4) Calcium - like sodium, most outside cell, positive charge; when channels open, it rushes in, produces depolarization, triggers migration of vesicles, and activates enzymes which may cause biochemical or structural changes in the postsynaptic neuron

Termination of Postsynaptic Potential
1) Reuptake - extremely rapid removal of the neurotransmitter from the synaptic cleft
2) Enzymatic deactivation - for acetylcholine, postsynaptic membrane releases acetylcholinesterase, which splits ACh

Autoreceptors
they typically donít affect ion channels, but change production/release of transmitter substance

Types of Synapses
can be axosomatic, axodendritic, axoaxonic, dendrodendritic, electrical-through a gap junction

Presynaptic Heteroreceptors
axoaxonic synapse
heteroreceptors in terminal buttons
neurotransmitter from presynaptic terminal button can facilitate or inhibit opening of calcium channels in postsynaptic terminal button
 
Nonsynaptic Communication
cells sensitive to neuromodulators and hormones, typically via second messenger system (metabotropic)
hormone receptors:
1) peptides - affect metabotropic receptors, second messenger goes to nucleus, where through physiological process changes occur
2) steroids - pass directly through membrane, travel to nucleus, attach to receptors and stimulate production of proteins

PSYCHOPHARMACOLOGY
Know routes of administration

Drug effectiveness
Drug response curve
Therapeutic index - ratio between dose that produces desired effect in 50% of subjects and dose that produces toxic effects in 50% of subjects

Transmitter Substances

1) acetylcholine - released at synapses on skeletal muscles - excitatory effect on skeletal muscles and inhibitory effect on heart muscle; two types of receptors:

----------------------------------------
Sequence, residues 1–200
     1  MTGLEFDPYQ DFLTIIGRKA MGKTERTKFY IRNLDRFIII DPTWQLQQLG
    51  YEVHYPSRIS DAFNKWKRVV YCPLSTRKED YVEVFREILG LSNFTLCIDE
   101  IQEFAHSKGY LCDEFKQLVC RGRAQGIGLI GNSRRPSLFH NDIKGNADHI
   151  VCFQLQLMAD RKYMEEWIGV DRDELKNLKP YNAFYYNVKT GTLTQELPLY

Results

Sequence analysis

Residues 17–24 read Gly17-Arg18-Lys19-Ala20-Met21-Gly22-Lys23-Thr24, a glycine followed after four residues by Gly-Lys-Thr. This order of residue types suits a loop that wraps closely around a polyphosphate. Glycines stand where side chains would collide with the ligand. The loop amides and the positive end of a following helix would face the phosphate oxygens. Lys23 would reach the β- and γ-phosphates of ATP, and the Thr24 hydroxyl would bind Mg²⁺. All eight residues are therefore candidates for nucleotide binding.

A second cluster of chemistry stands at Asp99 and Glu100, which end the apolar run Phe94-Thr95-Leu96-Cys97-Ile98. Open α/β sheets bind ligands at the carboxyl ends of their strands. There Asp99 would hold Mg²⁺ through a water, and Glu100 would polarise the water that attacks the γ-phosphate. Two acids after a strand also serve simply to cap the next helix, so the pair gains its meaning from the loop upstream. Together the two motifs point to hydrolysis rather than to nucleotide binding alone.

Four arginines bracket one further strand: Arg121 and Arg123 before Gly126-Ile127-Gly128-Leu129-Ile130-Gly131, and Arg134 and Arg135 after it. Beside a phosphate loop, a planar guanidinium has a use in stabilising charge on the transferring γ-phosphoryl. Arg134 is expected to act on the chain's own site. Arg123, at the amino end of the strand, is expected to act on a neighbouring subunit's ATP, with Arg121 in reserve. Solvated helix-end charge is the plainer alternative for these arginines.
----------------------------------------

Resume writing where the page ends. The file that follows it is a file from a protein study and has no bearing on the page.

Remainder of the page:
nicotinic - ionotropic; all muscle fibers and some CNS
2) monoamines - donít transmit specific info, but modulate brain function, acting as volume control, increasing/decreasing activities of particular brain regions 3) amino acids: 4) peptides 5) lipids - natural ligand for THC, called anandamide (found in marijuana)

6) nucleosides - for example, adenosine; released by glial cells as well as neurons, when oxygen supply is low; causes nearby blood vessels to dilate; also works as a neuromodulator; adenosine receptors are coupled to G proteins and cause opening of potassium channels, resulting in inhibition; caffeine blocks adenosine receptors

7) soluble gases - carbon monoxide; nitric acid (diffuses out of cell as soon as created, affects other cells, where it activates an enzyme which produces a second messenger)

Synaptic Effects - Figure 4.6 on exam!

Agonists:
1) substance serves as precursor, resulting in increased production - L-DOPA effect on dopamine
2) drug inactivates destruction of extra neurotransmitter (e.g., monoamine oxidase) - iproniazid effect on serotonin
3) drug stimulates release of transmitter substance - black widow spider venom effect on ACh
4) drug blocks reuptake - cocaine effect on dopamine
5) drug stimulates postsynaptic receptors - nicotine, muscarine effect on ACh
6) drug inactivates acetylcholinesterase - physostigmine effect on ACh

Antagonists:
1) substance inactivates enzyme involved in synthesis of neurotransmitter - PCPA effect on serotonin
2) drug keeps neurotransmitter from being stored in vesicles - reserpine effect on monoamines
3) drug stimulates autoreceptors - apomorphine effect on dopamine
4) drug inhibits release of neurotransmitter substance - botulinum toxin effect on Ach
5) drug blocks postsynaptic receptors - curare, atropine effect on ACh